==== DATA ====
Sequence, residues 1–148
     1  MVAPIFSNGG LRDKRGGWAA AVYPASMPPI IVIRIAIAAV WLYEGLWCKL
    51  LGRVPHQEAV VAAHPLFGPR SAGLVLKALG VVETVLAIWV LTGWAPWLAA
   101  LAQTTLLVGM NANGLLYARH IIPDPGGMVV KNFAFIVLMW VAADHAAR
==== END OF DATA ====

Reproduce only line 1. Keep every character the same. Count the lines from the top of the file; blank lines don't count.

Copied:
Sequence, residues 1–148